The teaching of Reading at Sir William Burrough school is rigorous and systematic. Children are introduced to letter sounds and formation through the Jolly Phonics programme during Reception and, where necessary, Year 1 and we do not allow any child to pass through the school without learning to read. From Year 1, children’s reading is expanded using the Oxford Reading Tree programme and their progress against that is monitored carefully. From Year 2 upwards, children are given vast choices of interesting and entertaining books in in-class libraries, which allow them to follow their own choices and desires in terms of their reading, encouraging a lifelong love of doing so. This is monitored through the Accelerated Reader programme from Renaissance Learning, where children take quizzes on the books that they have read and are rewarded for doing so. More formally, throughout the school, children are also exposed to a wide variety of class readers, increasing in difficulty as the children pass through the school, and are guided in their interpretation of texts and broadening their experiences and their vocabulary. These are often tied to the topics that are being studied. For a full list of the class readers that the children may encounter over their time in the school, broken down year by year, please click here.
The nuts and bolts of spelling, punctuation and grammar are taught all the way through the school as part of our grammar curriculum. We use the CGP Spelling, Punctuation and Grammar books to support this, but they are not the exclusive resource as teachers respond to the direct needs of the pupils in their class. The Spelling, Punctuation and Grammar programme is systematic and progressive, building their experiences year on year in order for the children to have a full and thorough understanding of the rules of English grammar. For a full breakdown of the Spelling, Grammar and Punctuation progression, click here.
Spelling rules are taught throughout the school and weekly spelling tests are set for all children, sometimes based on the topics and work that they are doing, sometimes on the demonstrated needs of the children at the time and always encompassing the National Curriculum guidelines on spellings that children should know at appropriate times in their learning. From Year 2, children are encouraged to learn spellings and be tested on them through the school Spelling Bee award, which tests 60 words per year group in accordance with the National Curriculum spelling guidance. For a list of our Spelling Bee words, please click here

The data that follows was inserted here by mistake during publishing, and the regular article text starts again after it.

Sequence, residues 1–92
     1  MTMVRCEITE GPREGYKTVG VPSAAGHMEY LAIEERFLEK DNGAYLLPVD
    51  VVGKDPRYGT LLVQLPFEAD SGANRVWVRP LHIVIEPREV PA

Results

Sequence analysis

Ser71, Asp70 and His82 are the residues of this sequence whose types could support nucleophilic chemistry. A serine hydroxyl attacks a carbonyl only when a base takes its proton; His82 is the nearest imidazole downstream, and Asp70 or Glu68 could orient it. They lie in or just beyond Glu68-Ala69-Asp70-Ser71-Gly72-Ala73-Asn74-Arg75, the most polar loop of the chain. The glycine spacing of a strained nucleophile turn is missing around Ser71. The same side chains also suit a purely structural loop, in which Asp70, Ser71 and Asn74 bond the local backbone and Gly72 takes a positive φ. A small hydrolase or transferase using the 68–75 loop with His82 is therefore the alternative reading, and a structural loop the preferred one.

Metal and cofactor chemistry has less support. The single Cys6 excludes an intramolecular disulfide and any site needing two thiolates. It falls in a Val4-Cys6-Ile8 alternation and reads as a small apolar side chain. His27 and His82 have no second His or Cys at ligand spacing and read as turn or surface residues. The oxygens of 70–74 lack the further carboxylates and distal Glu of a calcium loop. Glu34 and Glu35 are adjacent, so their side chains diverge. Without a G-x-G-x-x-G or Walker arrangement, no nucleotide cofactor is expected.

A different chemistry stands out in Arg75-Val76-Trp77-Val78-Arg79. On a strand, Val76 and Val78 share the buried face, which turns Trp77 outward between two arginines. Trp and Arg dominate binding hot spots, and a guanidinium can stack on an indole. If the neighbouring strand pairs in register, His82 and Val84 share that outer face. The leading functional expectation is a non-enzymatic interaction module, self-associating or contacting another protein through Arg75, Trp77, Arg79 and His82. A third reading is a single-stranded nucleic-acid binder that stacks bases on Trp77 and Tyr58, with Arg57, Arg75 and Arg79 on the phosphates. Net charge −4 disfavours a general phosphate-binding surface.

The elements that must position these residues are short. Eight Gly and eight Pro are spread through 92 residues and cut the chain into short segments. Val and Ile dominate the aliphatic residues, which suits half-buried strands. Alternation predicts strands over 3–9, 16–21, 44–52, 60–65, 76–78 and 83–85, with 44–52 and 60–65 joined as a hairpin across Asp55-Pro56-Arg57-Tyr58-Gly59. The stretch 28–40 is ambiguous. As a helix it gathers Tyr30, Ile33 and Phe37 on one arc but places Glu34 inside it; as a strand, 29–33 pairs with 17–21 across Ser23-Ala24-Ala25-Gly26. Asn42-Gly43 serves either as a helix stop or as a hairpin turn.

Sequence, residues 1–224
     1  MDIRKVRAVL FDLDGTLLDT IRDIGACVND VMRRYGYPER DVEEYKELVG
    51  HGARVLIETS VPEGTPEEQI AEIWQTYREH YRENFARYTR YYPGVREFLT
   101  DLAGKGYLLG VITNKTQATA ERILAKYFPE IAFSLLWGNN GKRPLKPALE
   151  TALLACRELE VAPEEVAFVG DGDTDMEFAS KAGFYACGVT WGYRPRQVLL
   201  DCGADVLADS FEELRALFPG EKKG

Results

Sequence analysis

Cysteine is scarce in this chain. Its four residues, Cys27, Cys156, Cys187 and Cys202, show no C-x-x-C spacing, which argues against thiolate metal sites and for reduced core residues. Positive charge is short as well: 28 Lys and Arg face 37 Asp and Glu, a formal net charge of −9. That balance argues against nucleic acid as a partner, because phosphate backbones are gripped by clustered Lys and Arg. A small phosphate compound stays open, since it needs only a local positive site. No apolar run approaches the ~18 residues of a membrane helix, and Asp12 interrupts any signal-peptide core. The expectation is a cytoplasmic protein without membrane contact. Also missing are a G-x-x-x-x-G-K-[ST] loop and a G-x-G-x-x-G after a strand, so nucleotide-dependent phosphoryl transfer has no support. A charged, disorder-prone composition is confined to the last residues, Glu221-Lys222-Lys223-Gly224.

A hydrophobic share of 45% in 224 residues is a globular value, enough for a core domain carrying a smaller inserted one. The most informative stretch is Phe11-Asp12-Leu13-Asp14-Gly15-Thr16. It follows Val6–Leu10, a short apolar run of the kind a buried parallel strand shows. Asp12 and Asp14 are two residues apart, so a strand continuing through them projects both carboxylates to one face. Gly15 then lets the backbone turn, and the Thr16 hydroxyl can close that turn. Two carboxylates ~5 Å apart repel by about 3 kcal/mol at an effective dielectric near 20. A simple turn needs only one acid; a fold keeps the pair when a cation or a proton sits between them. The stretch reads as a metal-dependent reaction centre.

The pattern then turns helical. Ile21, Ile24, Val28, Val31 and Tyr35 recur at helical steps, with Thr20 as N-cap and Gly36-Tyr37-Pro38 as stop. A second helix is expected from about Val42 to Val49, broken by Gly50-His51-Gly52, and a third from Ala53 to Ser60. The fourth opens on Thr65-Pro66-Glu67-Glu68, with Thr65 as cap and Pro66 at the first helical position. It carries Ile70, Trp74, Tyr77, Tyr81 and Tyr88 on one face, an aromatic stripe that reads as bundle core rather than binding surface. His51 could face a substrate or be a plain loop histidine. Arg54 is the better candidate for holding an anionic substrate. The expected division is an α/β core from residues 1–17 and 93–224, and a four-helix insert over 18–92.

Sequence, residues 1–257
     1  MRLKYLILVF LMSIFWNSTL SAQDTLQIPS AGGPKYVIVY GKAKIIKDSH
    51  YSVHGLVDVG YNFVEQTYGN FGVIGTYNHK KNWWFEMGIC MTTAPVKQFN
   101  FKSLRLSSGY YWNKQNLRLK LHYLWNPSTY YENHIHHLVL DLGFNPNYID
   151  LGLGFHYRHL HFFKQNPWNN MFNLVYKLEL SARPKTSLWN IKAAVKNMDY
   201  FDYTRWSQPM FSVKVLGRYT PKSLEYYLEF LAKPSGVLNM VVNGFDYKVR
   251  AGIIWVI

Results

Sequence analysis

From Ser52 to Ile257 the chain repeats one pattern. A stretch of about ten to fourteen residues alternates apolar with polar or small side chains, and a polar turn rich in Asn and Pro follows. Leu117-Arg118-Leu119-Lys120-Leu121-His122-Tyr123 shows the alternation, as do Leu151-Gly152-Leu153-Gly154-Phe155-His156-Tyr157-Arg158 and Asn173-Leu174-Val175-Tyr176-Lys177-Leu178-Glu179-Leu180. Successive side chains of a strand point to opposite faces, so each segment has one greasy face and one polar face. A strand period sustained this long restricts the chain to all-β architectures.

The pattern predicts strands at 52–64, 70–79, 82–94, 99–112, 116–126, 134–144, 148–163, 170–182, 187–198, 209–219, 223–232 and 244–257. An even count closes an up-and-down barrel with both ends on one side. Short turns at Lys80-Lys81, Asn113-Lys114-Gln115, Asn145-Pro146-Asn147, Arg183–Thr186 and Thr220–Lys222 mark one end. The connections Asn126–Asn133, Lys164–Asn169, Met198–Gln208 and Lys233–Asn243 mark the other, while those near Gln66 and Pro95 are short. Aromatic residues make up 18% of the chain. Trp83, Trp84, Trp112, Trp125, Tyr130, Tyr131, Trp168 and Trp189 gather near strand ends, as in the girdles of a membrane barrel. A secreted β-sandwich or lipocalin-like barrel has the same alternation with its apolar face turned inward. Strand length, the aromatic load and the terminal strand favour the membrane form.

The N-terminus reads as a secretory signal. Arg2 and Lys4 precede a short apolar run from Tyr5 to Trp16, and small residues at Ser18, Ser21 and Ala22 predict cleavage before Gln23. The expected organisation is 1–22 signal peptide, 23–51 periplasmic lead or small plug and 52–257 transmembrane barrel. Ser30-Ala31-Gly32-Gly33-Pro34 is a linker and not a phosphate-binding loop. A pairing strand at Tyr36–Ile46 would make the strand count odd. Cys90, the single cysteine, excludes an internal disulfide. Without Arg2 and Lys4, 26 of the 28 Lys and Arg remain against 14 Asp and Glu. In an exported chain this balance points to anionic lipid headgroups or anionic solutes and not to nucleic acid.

In the Early Years, children follow the Numeracy work as specified in the Early Years Foundation Stage programme.
At Key Stage 1, children follow the Abacus scheme of work, beginning with the basics of the four operations and leading on to all other aspects of the National Curriculum that they have to cover. For the full breakdown of the Abacus curriculum for Years 1 and 2, please click here.
At Key Stage 2, the children are taught through Accelerated Maths from Renaissance Learning, which covers all the objectives that they need to progress safely and securely in their mathematical knowledge. This system allows us to stretch the highest ability ever further in their mathematical knowledge, supports the lower ability through constant practice and permits teachers to forensically examine potential gaps in the children’s knowledge. For a list of the objectives that covered between Years 3 and 6, click here. All children are also taught mathematical problem-solving skills from an early age using the CPG 10-minute-a-day Maths Problem Solving books.
History, Geography, Science, Art and Design, Design and Technology, Music and PE
The school uses the International Primary Curriculum as the basis for its own curriculum. The IPC is a topic-based series of units of work which cover all areas of History, Geography, Art, Music, Society, Technology, PE and numerous other points of interest and learning. The progressive, sequenced and coherently planned curriculum design is one which, at its roots, starts with the child at the centre and, by the end of the children's time in Year 6, is very much focused outwards, with children having a great awareness of the history that has led us to where we are today, and the global responsibilities that being a citizen of the future brings. It is an ambitious curriculum, wide-ranging in its topic areas and ensures that every child covers all aspects of the National Curriculum as well as numerous other areas of study and interest. All children access the curriculum at the same level; it is built in such a way that there is no need for differentiation.